Mickey Harte hits out at Ciaran Whelan's contrasting 'dive' analysis
Published 12/07/2016 | 02:30
Mickey Harte has questioned Ciaran Whelan's analysis of Aidan O'Shea's dive and compared it to his stinging attack on Tiernan McCann last year.
The 'Sunday Game' pundit and ex-Dublin midfielder criticised O'Shea for diving to win a penalty in Saturday's All-Ireland qualifier win over Fermanagh, but said players involved in controversial incidents should be protected from abuse on social media.
Harte believes the measured stance was in sharp contrast to his scathing criticism of McCann, whom he had called upon to make a public apology for diving in last year's All-Ireland quarter-final after getting his hair tousled by Monaghan's Darren Hughes.
"The person who made those comments is the person who has to take a look at himself and decide why was he so adamant in one case about what ought to be done - and how it ought to be done immediately - yet that's not on his radar on this particular incident," said Harte.
"Only he can answer that. Why would he get so animated or agitated about one thing and be conciliatory towards the other, whenever there's not a lot of difference in the two things that happened?
"You have heard and seen what happened last time. You have heard and seen what happened this time.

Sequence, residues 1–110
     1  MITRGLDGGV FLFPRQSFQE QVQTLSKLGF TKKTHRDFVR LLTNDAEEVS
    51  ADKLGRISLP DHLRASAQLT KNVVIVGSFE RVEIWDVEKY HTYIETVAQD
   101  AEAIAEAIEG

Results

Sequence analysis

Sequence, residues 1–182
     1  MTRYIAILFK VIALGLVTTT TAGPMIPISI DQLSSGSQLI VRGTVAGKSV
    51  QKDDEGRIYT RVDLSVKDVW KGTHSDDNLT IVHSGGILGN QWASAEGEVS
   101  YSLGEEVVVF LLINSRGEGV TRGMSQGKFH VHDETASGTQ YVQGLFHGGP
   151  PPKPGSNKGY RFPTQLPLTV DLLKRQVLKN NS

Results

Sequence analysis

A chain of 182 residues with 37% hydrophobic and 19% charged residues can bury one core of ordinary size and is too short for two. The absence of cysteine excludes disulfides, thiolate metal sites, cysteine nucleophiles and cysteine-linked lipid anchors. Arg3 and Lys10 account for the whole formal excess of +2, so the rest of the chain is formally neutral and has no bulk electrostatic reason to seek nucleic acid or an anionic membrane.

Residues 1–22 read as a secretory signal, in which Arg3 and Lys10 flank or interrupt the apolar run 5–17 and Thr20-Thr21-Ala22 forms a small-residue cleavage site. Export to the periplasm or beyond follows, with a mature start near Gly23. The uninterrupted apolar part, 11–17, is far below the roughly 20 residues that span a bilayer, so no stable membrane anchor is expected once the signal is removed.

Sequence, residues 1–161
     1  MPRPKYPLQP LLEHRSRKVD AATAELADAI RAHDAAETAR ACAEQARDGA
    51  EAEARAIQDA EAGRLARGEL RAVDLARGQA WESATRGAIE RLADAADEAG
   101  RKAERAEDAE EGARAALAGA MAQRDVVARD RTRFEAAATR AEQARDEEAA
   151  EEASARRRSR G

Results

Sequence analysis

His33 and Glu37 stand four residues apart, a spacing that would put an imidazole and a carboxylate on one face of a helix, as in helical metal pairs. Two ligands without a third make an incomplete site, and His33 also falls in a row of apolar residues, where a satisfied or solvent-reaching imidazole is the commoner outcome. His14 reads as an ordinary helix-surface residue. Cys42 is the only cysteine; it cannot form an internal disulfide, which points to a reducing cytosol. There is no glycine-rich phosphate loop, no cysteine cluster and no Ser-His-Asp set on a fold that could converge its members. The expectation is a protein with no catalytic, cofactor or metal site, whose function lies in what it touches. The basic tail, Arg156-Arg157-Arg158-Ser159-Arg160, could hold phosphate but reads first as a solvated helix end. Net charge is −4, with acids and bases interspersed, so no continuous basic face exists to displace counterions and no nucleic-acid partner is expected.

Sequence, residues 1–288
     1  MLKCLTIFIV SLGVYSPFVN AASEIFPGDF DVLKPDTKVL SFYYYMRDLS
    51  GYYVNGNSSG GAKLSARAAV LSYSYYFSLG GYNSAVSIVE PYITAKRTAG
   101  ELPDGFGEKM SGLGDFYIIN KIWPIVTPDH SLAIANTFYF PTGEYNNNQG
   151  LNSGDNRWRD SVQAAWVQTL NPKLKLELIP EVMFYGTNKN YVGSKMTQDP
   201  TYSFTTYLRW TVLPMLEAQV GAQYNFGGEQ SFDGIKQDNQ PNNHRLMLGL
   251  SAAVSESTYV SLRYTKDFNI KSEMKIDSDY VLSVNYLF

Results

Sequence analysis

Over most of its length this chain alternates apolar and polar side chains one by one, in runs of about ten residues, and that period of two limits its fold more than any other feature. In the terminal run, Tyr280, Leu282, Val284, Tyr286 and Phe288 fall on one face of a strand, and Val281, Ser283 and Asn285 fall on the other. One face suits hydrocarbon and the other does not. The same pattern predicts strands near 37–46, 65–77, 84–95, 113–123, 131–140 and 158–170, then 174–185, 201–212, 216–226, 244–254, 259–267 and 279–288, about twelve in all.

"Everybody who looks on with an objective eye on those two incidents has to make up their own minds, and I'd ask the public and everyone else to do that."
Harte felt the heated comments about McCann cost Tyrone in the All-Ireland semi-final defeat by Kerry. Tyrone had a strong case for a penalty but Padraig McNulty instead got a yellow card for diving.
"People use this term 'dive' and it cost us possibly last year in the All-Ireland semi-final where one of our players was accused of diving, when I believe he didn't dive," insisted the Tyrone boss.
"It's a pity that people respond or react to something somebody might have said the week before. That affected what happened in our case. It (diving) happens from time to time but I don't think any manager sends anyone out to feign injury or try to gain some advantage in that way.
"It's a spur-of-the-moment thing that happens to some people in some situations, and if they are extreme in what they do, then they would probably regret that and would probably try to do something different the next time. But I don't think it's an epidemic.
"I don't think it's something that we have to get worried about and God forbid we have to introduce some more rules, because I think we have enough of them. All you need is for people to interpret what goes on with clarity and consistency."
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